Six new reviews on Every Movie Has a Lesson from Don Shanahan to open the month of June



My Cousin Rachel was previously (and less faithfully) adapted for film in 1952 with Richard Burton and OIivia de Havilland in the Philip and Rachel roles.  Roger Michell stiffens his upper lip from his Love, Actually and Notting Hill fare to tackle a costume drama.  Oddly enough, this film can stake a serendipitous claim as the second Michell-directed film about “kissing cousins” after 2012’s Hyde Park on the Hudson.  Unfortunately, more than a little uncomfortable laughter of preposterousness pokes out of this film while trying to portray itself as flowing romantic drama.  That’s not going to sweep anyone.


Ken Loach is more than an esteemed British filmmaker.  He is also an ardent social activist for the middle-class commoner.  His camera is kind to the working class and never afraid to ruffle political feathers.  His latest film, I, Daniel Blake, the winner of the prestigious Palme d’Or at the 2016 Cannes Film Festival, champions the cause to combat the bureaucracy of the welfare system, a topic not exclusive whatsoever to the United Kingdom.  Loach’s plain-speaking film is a touchingly realistic parable.


Take the title of the film whatever way you wish, be it literally with the lurking threats of nightfall in this landscape or figuratively with the visions and nightmares one has while alone with their thoughts before sleeping.  It Comes at Night is tightly comprised of excruciating moral challenges that escalate with time.  One might ask how someone can convincingly convey jarring grimness such as this.  Creators often cull from dark personal places as an outlet and answer to their need to express and create the difficult material they convey in projects like It Comes at Night.  That is entirely the case here, and it is a place not everyone is going to be comfortable visiting.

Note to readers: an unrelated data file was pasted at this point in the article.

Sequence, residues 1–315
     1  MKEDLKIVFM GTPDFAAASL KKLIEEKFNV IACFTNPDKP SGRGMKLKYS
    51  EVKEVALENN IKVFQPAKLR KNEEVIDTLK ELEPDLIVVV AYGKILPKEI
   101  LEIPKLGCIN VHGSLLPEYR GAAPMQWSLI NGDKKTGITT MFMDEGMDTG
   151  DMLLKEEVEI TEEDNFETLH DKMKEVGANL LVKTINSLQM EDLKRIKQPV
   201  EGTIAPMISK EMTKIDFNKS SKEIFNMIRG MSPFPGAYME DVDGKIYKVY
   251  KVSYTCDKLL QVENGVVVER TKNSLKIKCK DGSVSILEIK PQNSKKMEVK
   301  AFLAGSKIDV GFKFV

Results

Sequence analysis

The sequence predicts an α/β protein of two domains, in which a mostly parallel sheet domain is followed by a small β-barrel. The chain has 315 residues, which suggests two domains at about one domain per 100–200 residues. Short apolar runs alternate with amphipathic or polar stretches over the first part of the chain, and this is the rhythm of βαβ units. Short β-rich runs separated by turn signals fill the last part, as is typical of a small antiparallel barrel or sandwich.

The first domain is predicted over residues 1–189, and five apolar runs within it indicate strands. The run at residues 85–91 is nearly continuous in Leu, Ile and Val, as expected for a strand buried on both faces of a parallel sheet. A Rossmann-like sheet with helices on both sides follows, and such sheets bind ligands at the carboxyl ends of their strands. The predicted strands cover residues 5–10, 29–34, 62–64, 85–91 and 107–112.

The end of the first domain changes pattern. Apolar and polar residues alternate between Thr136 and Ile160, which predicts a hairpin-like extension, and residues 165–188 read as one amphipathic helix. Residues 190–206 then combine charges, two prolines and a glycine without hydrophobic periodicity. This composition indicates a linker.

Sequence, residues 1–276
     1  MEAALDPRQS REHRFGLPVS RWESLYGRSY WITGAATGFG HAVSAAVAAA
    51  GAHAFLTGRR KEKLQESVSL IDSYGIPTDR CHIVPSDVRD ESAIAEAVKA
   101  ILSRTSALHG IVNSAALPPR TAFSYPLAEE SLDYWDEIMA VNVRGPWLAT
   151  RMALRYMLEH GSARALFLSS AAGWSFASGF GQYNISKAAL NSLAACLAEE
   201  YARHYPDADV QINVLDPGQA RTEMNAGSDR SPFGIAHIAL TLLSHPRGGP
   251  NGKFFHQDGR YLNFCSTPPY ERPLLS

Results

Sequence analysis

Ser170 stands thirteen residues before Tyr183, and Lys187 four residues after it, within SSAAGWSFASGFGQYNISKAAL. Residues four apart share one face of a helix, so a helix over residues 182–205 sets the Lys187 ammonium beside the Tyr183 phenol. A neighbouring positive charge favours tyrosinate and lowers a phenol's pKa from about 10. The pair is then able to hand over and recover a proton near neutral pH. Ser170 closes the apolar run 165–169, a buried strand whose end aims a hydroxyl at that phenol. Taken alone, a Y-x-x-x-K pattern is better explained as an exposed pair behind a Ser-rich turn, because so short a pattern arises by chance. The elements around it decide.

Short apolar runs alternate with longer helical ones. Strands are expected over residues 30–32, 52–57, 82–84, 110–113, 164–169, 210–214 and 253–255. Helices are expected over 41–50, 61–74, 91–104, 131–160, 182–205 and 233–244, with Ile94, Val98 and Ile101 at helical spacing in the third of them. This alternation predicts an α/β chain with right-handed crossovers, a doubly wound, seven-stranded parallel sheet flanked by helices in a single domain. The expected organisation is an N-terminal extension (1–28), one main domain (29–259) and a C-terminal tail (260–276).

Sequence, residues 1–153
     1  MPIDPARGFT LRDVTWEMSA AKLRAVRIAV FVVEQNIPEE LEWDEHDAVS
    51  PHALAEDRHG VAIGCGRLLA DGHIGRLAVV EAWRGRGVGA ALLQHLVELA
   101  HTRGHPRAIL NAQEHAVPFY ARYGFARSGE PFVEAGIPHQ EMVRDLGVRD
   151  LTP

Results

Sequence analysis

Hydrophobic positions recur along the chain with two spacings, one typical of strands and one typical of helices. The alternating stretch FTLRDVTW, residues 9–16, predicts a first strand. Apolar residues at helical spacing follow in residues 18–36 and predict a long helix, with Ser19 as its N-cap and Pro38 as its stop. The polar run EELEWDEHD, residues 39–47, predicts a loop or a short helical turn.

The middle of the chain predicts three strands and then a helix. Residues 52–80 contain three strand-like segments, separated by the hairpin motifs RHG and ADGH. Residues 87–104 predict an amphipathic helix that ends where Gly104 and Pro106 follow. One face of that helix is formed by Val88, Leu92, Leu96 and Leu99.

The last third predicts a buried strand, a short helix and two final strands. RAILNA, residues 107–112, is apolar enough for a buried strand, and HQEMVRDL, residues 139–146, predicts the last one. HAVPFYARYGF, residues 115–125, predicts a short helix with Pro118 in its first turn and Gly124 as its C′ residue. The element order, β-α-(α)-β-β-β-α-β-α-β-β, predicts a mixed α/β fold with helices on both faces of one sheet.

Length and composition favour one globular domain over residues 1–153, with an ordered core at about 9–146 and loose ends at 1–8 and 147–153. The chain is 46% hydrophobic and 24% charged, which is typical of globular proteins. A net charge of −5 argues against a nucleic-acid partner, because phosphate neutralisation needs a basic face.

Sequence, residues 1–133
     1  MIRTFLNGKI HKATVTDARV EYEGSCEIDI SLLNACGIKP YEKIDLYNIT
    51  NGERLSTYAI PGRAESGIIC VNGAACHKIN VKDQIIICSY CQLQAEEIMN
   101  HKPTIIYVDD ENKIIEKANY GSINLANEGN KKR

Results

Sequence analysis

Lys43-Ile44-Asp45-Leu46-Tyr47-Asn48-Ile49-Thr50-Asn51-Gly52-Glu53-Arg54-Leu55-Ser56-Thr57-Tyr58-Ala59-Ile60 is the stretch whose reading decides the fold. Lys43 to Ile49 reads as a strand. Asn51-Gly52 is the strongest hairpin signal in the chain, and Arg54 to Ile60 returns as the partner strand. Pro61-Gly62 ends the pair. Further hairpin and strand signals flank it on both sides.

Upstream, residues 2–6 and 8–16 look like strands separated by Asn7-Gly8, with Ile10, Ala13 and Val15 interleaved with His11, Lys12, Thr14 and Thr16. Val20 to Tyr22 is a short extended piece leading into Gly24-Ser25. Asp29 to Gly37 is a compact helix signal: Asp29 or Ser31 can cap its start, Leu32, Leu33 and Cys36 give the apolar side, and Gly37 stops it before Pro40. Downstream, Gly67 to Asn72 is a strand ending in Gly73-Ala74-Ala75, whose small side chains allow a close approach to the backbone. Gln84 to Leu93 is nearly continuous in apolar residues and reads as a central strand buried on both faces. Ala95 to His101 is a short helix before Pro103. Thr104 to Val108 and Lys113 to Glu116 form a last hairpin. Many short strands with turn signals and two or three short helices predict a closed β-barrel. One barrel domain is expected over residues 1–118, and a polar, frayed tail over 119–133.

Not to be outdone, here comes the multi-talented Scotsman Brian Cox, granted a choice starring role in Churchill, the fifth feature film from confident Australian director Jonathan Teplitzky (The Railway Man, Burning Man).  Oldman has always afforded a cult pedestal, but Cox is no slouch of an actor himself.  Exuding nobility while choking every ounce of potency and clout through the ever-present smoke of the British Bulldog’s cigars, Cox winningly puts his own stamp on playing the greatest Briton of all-time.


Paraphrasing the Merriam-Webster Dictionary, the three-part noun definition of “wonder” can be summarized as “a cause of astonishment, the quality of excited admiration, or rapt attention at something awesomely mysterious or new to one’s experience.”  Used as an adjective in a proper name, the word couldn’t be more fitting of Princess Diana of Themyscira, better known as Wonder Woman.  Whether it represents a cog in a larger universe, a historical watershed for women’s leadership, or the answered prayers of long-suffering fans and idolizing dreamers, the film bearing her name is a valiant, momentous, and satisfying first step fitting of the iconic heroine.


Simply put, this is a comedian showing he has more than one voice and the complements do not end there.  As a creative vessel, Dean incorporates several aspects of Demetri Martin’s brand of humor as enhancing energy in a dramedy narrative that couldn’t feel less like an extended comedy sketch born from one of his shows.  The film channels his observational personality and minimalistic sketch art as storytelling layers all their own in an anecdote of a father and son coping in different ways after the death of the family matriarch.


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